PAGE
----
In addition, the CCW version offers an easy-to use finding system using the search engine built into the digital reader, so that one can go to any poem whose "book" and sequence number are known, without wading through the thousand-plus entries in the hyper-linked table of contents. (Since I'm reading it on a smart-phone screen, not a Kindle or iPad, I find this rather important.)
Like its predecessor, it does not include Griffith's sometimes-useful notes. On the other hand, it does rescue some material which Griffith tucked away in an appendix, inserting it in its proper place (although the use of Latin to avoid shocking delicate Victorian sensibilities is maintained), instead of failing even to list the appendix (which I found in the Kessinger edition only because I was looking for it).
In the mean time, I have re-thought how to present my views on the basic text and this translation of it; although, I think, not their substance.
The Rig-Veda Samhita (very roughly, "Verse-Knowledge-Collection") is a collection of 1028 compositions, mostly hymns, originally transmitted orally in a still-living tradition based on a whole mnemonic technology, and mostly dating no later than about 1200 to 900 BCE. (Possibly a bit earlier, but attempts to place it in, for example, the Paleolithic, depend on the combination of religious dogma and dubious astronomical interpretations of obscure passages.
The hymns (and riddles, and possible incantations, and mocking songs directed against rival ritualists, etc.) are divided into ten mandalas ("circles"), corresponding to the "books" of Western, text-centered traditions, based primarily on the families of Brahmans who transmitted them as the heritage of the ancestor who revealed them.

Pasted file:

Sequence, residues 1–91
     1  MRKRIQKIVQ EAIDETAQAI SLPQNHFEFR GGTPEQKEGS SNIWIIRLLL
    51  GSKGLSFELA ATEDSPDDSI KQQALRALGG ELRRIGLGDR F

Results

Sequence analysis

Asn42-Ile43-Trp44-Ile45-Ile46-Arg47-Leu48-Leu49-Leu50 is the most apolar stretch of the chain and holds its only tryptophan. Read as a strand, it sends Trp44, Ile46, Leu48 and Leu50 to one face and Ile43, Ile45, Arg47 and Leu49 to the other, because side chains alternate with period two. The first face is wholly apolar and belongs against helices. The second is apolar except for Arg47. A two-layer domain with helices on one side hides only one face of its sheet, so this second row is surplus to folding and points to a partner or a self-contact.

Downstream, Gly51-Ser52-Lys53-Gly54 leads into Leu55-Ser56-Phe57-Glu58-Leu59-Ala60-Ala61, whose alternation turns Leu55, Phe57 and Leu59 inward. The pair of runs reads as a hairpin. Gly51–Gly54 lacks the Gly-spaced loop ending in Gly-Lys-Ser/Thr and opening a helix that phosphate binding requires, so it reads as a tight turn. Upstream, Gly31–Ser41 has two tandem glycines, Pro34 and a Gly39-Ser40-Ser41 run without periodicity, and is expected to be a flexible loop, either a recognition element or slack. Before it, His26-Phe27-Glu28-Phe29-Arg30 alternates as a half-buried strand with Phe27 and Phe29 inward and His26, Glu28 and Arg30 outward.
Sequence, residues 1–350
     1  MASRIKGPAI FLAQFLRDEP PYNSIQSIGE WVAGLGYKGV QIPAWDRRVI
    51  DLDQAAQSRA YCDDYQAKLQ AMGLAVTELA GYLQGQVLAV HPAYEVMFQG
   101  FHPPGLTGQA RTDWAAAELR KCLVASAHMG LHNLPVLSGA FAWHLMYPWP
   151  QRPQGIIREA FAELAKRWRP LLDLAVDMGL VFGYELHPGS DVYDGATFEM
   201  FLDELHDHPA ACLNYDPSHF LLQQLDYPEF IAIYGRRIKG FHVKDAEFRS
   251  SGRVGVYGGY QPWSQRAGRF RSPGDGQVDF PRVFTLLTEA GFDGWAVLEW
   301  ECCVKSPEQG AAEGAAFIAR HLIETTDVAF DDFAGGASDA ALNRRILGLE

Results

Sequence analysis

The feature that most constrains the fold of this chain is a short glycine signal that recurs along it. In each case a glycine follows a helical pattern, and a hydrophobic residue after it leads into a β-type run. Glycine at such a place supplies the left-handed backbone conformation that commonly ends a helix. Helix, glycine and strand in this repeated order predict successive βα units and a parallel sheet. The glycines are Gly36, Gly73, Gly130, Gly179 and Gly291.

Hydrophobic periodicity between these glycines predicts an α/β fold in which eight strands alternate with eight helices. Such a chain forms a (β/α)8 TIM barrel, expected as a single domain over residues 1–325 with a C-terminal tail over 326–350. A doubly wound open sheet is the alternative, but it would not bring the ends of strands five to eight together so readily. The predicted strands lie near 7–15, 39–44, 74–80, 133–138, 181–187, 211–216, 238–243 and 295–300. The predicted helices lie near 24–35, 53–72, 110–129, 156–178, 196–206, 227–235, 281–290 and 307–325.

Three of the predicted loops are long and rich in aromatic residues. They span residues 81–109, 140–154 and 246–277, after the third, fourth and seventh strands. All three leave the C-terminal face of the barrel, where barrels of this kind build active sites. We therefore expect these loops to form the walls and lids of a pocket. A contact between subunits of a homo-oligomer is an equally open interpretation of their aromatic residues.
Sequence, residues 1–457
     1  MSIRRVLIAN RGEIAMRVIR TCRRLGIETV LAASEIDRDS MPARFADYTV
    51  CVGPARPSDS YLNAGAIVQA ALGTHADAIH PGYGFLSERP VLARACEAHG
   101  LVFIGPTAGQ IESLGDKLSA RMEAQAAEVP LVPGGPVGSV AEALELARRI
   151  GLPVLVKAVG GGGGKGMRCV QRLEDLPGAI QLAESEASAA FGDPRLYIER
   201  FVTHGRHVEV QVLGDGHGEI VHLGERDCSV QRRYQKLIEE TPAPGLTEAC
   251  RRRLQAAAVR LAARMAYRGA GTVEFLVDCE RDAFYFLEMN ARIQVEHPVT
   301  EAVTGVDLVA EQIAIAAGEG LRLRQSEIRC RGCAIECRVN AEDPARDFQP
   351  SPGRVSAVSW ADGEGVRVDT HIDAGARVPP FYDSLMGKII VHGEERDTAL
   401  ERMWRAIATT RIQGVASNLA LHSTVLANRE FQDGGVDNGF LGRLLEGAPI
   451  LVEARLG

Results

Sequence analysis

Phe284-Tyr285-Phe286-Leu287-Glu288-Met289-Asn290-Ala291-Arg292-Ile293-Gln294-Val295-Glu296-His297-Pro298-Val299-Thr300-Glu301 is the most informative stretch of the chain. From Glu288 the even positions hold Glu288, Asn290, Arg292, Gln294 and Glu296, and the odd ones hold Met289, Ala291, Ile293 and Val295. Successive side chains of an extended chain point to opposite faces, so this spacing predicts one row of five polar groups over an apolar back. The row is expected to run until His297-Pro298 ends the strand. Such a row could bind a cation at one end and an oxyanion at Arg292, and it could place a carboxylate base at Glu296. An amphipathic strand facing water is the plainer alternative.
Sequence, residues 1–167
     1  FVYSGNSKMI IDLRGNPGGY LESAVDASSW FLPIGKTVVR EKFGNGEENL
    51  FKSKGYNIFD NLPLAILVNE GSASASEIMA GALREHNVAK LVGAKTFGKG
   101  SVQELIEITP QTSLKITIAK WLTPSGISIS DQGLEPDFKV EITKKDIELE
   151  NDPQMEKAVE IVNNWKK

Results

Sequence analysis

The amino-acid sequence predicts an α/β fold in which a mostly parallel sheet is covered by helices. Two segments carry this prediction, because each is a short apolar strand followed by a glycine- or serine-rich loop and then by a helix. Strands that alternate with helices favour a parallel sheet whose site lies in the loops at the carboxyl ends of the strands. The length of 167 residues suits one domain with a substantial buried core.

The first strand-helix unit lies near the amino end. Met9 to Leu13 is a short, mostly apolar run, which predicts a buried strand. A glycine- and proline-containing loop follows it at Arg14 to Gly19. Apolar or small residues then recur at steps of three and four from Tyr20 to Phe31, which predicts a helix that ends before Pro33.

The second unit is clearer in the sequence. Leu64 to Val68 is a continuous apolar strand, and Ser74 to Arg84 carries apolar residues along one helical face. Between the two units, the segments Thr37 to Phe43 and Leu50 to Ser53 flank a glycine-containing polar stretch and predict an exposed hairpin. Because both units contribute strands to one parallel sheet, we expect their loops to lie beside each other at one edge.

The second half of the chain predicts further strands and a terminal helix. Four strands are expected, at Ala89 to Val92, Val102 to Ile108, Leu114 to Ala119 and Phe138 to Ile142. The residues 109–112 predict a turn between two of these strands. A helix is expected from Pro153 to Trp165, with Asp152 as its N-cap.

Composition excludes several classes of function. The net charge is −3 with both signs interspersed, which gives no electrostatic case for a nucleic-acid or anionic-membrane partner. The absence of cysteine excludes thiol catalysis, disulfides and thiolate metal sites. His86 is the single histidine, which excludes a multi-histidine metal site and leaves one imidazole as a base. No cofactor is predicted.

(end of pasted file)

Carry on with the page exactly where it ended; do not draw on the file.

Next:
According to the other three Vedas (Yajur-, Sama-, and Atharva-), and to companion Sanskrit compositions, the Brahmanas (including the early Upanishads), the primary function of the poems in the Rig Veda was as accompaniments -- both audible and purely mental -- to the ancient sacrificial rituals. (Declarations to the contrary implicitly reject unanimous ancient Indian tradition -- this is NOT some Western invention.)
The poems are filled with addresses and references to deities like Agni (sacrificial, domestic, and other fire) and Soma (a god, a sacrificial substance, the drink of the gods, and, in late hymns in Book 9, the Moon); to the Warrior-King and Thunder-God, Indra; to the Upholders of Law and Religion, Mitra, and Varuna; and the twin horsemen and friends of mortals, the Nasatyas, or Ashvins, among many others. For the most part they have long been displaced in India's spiritual life by the statistically less prominent Vishnu and Shiva (the latter appearing in the RV under the name of Rudra, and, only once, as "shiva," "the Auspicious One") and others, like Ganesha, who are not mentioned directly as part of the ancient pantheon (although they may be genuinely ancient).
The language of the hymns is more correctly called "Vedic" rather than "Sanskrit" (the latter denoting a "purified" and formalized stage, like Classical Latin). However, I've sometimes wondered about the Soma Hymns in Book 9, which is supposed to be the latest part of the whole collection.